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Advice on Security Certificate

Computer forensics training and education issues. If you are looking for topic suggestions for your project, thesis or dissertation please post here rather than the general discussion forum.
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Advice on Security Certificate

Post Posted: Thu Nov 02, 2017 6:03 am

Hello everyone,

I have got my GCFA certificate recently, and I would like to expand my vision to the network forensics as well as ethical hacking. It seems that CEH is a certifiacte mentioned everywhere, but I think it is a entry-level one, so I am thinking to jump over it and head directly to Offensive Security Certified Professional(OSCP). I ould like some advice on these two certificate, especially on the difficulty and the recruitment market reviews. Meanwhile, I am also thinking of CISA, however, without any audit background, I am hesitate to jump in.  

Last edited by chienchat on Thu Nov 02, 2017 9:25 am; edited 1 time in total

chienchat
Newbie
 
 
  

Re: Advice on Security Certificate

Post Posted: Thu Nov 02, 2017 9:16 am

CEH Certified Ethical Hacker is in Switzerland kind of worthless, was good in 90s. Be aware that OCSP also stands for Online Certificate Status Protocol which is a technical and not personal certificate related to CRL Certificate Revocation List.  

RolfGutmann
Senior Member
 
 
  

Re: Advice on Security Certificate

Post Posted: Thu Nov 02, 2017 9:24 am

- RolfGutmann
CEH Certified Ethical Hacker is in Switzerland kind of worthless, was good in 90s. Be aware that OCSP also stands for Online Certificate Status Protocol which is a technical and not personal certificate related to CRL Certificate Revocation List.


RolfGutmann, thanks for your advice. I should have clarified that OSCP that I mentioned is Offensive Security Certified Professional. Also, do you have any advice for any other certificates worthy to get than CEH?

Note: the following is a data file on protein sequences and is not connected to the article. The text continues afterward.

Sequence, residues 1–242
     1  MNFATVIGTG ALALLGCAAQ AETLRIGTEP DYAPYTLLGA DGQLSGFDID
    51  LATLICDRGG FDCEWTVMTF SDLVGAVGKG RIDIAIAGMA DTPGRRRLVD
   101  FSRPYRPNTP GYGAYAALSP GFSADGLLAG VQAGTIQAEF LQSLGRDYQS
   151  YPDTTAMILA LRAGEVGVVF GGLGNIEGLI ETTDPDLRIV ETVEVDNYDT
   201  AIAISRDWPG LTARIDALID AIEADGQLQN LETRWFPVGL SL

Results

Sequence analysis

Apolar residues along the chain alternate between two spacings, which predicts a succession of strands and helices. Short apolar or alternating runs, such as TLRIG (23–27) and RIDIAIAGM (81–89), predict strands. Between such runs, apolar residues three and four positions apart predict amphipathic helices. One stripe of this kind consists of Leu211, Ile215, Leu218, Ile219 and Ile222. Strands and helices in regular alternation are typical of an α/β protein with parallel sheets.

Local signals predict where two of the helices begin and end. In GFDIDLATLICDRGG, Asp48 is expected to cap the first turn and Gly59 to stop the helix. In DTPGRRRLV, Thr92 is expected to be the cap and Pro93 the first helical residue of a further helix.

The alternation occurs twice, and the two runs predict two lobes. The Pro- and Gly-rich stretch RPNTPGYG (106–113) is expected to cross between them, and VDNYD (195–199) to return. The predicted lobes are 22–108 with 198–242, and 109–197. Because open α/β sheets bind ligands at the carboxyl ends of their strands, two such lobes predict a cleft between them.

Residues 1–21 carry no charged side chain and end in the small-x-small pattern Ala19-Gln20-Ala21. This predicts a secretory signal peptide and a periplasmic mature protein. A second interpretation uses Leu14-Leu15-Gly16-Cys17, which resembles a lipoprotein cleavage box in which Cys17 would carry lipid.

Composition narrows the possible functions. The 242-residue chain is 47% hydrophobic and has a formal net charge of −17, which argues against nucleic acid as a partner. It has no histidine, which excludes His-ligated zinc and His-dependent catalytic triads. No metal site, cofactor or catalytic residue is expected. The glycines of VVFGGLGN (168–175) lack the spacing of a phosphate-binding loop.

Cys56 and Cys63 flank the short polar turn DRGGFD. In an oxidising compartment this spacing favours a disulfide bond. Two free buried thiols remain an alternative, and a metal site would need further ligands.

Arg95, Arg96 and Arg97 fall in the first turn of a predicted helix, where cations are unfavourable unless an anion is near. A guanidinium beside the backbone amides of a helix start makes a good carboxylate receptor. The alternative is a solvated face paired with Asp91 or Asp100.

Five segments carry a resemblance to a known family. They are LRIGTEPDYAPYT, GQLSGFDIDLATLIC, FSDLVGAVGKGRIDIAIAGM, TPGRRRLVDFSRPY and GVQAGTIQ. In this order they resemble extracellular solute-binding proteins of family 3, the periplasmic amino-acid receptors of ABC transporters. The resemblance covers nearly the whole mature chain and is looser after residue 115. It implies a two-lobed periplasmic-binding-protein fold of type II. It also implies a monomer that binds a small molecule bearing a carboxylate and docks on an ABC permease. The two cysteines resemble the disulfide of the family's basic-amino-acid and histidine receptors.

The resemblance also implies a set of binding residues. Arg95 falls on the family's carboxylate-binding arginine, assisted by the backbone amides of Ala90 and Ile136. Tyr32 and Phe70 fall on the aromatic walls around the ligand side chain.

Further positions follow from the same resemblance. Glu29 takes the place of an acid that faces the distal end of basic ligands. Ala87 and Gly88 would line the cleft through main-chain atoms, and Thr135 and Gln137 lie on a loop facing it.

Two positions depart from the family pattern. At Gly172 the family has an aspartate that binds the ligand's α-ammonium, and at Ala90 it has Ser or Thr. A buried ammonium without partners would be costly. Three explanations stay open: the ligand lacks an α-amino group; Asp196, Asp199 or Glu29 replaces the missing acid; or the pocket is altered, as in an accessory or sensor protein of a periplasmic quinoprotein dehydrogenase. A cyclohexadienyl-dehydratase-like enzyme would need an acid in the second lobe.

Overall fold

chienchat
Newbie
 
 
  

Re: Advice on Security Certificate

Post Posted: Thu Nov 02, 2017 10:05 am

Difficult to say but maybe you can check about Certified Information Systems Security Professional (CISSP). But very helpful is if you get certified by e.g. Cellebrite. Their certifications are high-value.
In the U.S. I guess more SANS certs are required. But in Europe less.

What certs are in U.K. fine?  

RolfGutmann
Senior Member
 
 
  

Re: Advice on Security Certificate

Post Posted: Thu Nov 02, 2017 2:11 pm

- chienchat
I ould like some advice on these two certificate, especially on the difficulty and the recruitment market reviews. Meanwhile, I am also thinking of CISA, however, without any audit background, I am hesitate to jump in.


OCSP is fairly well regarded in security-testing circles. It's a tricky certificate though, so be prepared to fail the first dozen times you take it (partly joking, partly serious). Unless you really know your stuff already.

CISSP is really a management certification (project leader who knows security), and is very wide and very shallow. Oddly enough it's in demand, so CISSP may actually be something you need, but its mostly because it's not well understood. (I used to be a CISSP, but dropped it just because it pulled me towards project leader tasks. Things may have changed, however.)